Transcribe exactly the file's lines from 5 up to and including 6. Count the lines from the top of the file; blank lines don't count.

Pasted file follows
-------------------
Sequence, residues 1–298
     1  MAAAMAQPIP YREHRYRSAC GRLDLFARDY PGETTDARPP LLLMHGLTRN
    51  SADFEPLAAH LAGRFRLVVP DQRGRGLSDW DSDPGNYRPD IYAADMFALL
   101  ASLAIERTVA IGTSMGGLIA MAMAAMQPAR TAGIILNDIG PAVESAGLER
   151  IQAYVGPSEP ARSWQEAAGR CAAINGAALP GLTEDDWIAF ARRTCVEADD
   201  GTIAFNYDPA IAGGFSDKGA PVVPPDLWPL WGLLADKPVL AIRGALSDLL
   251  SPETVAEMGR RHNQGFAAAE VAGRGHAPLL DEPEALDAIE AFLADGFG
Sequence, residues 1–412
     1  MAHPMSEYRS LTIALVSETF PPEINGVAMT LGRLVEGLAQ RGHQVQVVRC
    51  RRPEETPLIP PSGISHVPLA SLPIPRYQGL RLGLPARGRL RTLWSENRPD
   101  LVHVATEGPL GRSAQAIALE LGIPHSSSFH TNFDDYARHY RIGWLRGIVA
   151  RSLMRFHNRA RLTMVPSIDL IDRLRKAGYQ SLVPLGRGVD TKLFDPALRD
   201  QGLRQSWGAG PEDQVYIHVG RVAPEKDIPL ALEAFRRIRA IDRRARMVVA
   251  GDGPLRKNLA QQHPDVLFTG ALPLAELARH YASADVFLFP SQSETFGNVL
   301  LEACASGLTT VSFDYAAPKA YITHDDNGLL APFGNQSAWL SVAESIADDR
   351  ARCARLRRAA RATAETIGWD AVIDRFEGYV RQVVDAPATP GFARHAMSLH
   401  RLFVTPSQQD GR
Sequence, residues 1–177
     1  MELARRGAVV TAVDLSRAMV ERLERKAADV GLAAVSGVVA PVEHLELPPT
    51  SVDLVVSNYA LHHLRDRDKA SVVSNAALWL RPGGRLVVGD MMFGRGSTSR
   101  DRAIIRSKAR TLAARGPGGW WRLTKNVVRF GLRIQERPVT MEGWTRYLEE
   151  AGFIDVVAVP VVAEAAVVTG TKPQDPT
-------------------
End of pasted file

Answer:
   151  IQAYVGPSEP ARSWQEAAGR CAAINGAALP GLTEDDWIAF ARRTCVEADD
   201  GTIAFNYDPA IAGGFSDKGA PVVPPDLWPL WGLLADKPVL AIRGALSDLL